In a December 5 news release, TABC executive director Bentley Nettles says this law is "an important step forward for Texas consumers, as well as alcohol retailers. For years, Texans across the state have relied on third-party services to deliver everything from clothing to vehicles. Now, at long last, alcohol can be delivered as well."

Before enactment of the law, certain businesses like liquor stores could distribute beer, wine, and liquor in Texas to homes and businesses. But through this year's legislative update, third-party companies now will be permitted to pick up beer, wine, and liquor from a state-licensed retailer such as a bar, restaurant, or liquor store and then take it to customers — either as solo purchases or along with food orders.

"We primarily see this as appealing to third-party delivery services," Porter says. "There are laws on the books which became effective in September that allow restaurants with the proper permit to deliver alcohol along with food on their own. Of course, if these businesses opt instead to contract that delivery to a third party, then the third party would need the new consumer delivery permit."

The new law mandates that drivers and booze buyers be at least 21 years old, which is the legal age for alcohol consumption in Texas.

Among the businesses and organizations that backed the legislation are San Antonio grocery chain H-E-B, which owns the Austin-based Favor delivery app; Instacart; the Houston-based Landry's restaurant conglomerate; e-commerce giant Amazon; TechNet; the Texas Restaurant Association; Beer Alliance of Texas; Wholesale Beer Distributors of Texas; and the California-based Wine Institute.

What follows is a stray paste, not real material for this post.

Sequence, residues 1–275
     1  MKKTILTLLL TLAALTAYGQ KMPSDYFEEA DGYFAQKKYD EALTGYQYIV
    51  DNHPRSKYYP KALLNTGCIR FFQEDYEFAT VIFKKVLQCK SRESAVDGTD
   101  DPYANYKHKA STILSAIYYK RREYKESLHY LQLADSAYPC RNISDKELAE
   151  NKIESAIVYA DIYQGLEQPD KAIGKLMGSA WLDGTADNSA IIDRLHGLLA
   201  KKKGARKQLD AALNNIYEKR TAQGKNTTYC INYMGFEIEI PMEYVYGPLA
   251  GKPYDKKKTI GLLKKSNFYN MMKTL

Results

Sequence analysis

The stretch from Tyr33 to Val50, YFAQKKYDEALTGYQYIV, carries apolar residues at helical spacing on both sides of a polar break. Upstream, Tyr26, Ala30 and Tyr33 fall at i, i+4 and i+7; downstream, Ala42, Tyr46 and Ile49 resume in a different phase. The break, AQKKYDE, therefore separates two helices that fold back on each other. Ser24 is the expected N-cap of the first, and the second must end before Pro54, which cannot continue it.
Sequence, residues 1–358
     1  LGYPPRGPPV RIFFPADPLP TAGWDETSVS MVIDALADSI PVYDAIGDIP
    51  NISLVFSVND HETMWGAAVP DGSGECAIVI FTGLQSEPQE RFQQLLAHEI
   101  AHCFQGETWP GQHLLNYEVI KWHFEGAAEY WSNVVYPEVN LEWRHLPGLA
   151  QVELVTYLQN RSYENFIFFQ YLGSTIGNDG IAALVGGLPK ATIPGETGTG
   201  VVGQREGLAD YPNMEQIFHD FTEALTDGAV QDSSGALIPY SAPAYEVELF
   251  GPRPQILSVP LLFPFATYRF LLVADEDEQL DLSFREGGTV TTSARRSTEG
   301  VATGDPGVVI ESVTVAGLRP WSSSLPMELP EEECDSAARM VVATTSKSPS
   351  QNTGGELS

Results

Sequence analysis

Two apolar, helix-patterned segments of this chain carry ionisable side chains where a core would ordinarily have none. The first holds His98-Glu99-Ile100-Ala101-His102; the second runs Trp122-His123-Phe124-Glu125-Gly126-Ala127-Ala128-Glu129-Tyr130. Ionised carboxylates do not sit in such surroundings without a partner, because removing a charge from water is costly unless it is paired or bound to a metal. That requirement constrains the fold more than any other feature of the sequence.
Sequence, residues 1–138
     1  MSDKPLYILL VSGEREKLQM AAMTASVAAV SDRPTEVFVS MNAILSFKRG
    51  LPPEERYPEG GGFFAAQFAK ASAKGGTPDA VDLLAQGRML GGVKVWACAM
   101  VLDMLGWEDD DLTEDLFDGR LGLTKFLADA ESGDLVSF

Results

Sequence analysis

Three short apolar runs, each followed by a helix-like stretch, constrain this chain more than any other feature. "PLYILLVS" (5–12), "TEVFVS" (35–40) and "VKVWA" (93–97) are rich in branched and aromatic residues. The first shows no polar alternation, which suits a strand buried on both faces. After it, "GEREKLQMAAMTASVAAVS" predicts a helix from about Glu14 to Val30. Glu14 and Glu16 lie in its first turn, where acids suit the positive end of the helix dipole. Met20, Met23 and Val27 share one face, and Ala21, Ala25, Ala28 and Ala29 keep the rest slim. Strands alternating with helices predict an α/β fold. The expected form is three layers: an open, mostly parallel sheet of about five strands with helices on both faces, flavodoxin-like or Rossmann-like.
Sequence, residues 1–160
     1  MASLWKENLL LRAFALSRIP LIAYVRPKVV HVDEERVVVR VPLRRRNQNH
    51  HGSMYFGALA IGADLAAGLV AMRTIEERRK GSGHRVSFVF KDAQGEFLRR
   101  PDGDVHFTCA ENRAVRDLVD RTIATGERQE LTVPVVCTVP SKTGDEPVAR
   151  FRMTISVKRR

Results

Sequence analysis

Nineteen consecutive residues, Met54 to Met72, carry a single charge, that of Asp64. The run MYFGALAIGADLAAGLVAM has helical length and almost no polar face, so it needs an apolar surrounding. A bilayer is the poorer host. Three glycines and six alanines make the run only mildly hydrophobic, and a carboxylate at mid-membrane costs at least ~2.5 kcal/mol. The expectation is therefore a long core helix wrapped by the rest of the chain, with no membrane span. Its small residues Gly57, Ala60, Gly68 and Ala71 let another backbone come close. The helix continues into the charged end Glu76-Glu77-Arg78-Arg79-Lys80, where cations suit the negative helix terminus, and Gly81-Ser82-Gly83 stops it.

"This law will allow more businesses to take advantage of on-demand delivery apps that enable them to reach more customers, while ensuring deliveries of alcohol are carried out safely and responsibly," David Edmonson, TechNet's executive director for Texas and the Southeast, said in a June news release.

The Texas Restaurant Association applauds the law as a way for restaurants to better compete in the on-demand economy.

"With customers increasingly craving convenience, and hotels, grocery stores, and package stores already permitted to allow alcohol to be taken or delivered off the premises, this legislation [levels] the playing field for restaurants," the association says in a statement.

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This article originally ran on CultureMap.

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Spring cohort announced for Houston tech company's startup accelerator

ready to grow

A Houston tech company has announced the latest cohort of its accelerator program, bringing the total number of startups supported by the company to 63.